Intent based networking is on the upslope of the hype cycle right now. In this episode of the Hedge, Alex Clemm and Jeff Tantsura join Alvaro Retana and Russ White for a discussion of Intent-Based Networking – Concepts and Definitions, a draft working its way through the Internet Research Task Force.
The IETF works on many things beyond IP and routing—the Media Operations (MOPS) working group is gathering input on media-related operational issues and practices, including “proposed technologies related to the deployment, engineering, and operation of media streaming and manipulation protocols and procedures in the global Internet (inter-domain) and within-domain networking.” Leslie Daigle and Eric Vyncke, the co-chairs of the MOPS working group, join Alvaro Retana and Russ White to discuss the work they are doing.
There was a time when Software Defined Networking was going to take over the entire networking world—just like ATM, FDDI, and … so many others before. Whatever happened to SDN, anyway? What is its enduring legacy in the world of network engineering? Terry Slattery, Tom Ammon, and Russ White gather at the hedge to have a conversation about whatever happened to SDN?
MultiPath TCP (MPTCP) is an effort towards enabling the simultaneous use of several IP-addresses/interfaces by a modification of TCP that presents a regular TCP interface to applications, while in fact spreading data across several subflows. Benefits of this include better resource utilization, better throughput and smoother reaction to failures.
According to the recent SONAR report, 52% of respondents reported they are using Software Defined Networking (SDN) tools to automate their networks, while 57% reported they are using network management tools. The report notes “52% may be slightly exaggerated, depending on how one defines SDN…” Which leads naturally to the question—what the difference between SDN and DevOps is, and how does AI figure into both or either of these. SDN, DevOps, and AI describe separate and overlapping movements in the design, deployment, and management of networks. While they are easy to confuse, they have three different origins and meanings.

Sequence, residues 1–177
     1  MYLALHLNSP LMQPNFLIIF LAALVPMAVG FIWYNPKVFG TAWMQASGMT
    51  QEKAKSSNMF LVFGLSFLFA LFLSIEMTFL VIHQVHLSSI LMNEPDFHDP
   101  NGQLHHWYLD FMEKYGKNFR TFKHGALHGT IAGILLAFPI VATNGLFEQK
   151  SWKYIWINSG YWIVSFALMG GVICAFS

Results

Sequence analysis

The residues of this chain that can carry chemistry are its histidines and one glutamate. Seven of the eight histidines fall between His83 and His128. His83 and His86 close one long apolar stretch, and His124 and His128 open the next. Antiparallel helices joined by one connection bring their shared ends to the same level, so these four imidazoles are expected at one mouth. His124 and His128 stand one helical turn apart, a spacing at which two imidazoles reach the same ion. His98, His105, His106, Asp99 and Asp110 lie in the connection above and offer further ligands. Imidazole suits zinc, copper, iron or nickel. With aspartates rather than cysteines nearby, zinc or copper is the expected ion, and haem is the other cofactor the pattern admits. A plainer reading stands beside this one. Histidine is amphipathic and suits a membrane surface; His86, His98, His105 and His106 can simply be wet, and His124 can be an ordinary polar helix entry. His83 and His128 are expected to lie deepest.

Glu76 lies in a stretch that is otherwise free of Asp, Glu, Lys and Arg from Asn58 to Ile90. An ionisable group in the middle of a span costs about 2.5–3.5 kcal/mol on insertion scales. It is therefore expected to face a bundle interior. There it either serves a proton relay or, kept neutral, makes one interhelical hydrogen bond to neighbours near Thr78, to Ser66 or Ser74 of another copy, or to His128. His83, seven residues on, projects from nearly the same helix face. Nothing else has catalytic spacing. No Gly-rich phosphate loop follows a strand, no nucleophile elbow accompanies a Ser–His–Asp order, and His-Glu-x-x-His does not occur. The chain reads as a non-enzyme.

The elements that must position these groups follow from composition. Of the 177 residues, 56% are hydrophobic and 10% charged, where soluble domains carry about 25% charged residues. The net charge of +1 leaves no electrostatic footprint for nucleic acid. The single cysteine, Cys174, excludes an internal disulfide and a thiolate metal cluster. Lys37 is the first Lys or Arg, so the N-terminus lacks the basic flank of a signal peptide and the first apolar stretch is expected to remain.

Software Defined Networking grew out of research efforts to build and deploy experimental control planes, either distributed or centralized. SDN, however, quickly became associated with replacing some or all the functions of a distributed control plane with a centralized controller, particularly in order to centralize policy related to the control plane such as traffic engineering. SDN solutions always work through a programmatic interface designed to primarily supply forwarding information to network devices.
In this episode of the Hedge, Geoff Huston joins Tom Ammon and I to finish our discussion on the ideas behind DNS over HTTPS (DoH), and to consider the implications of its widespread adoption. Is it time to bow to our new overlords?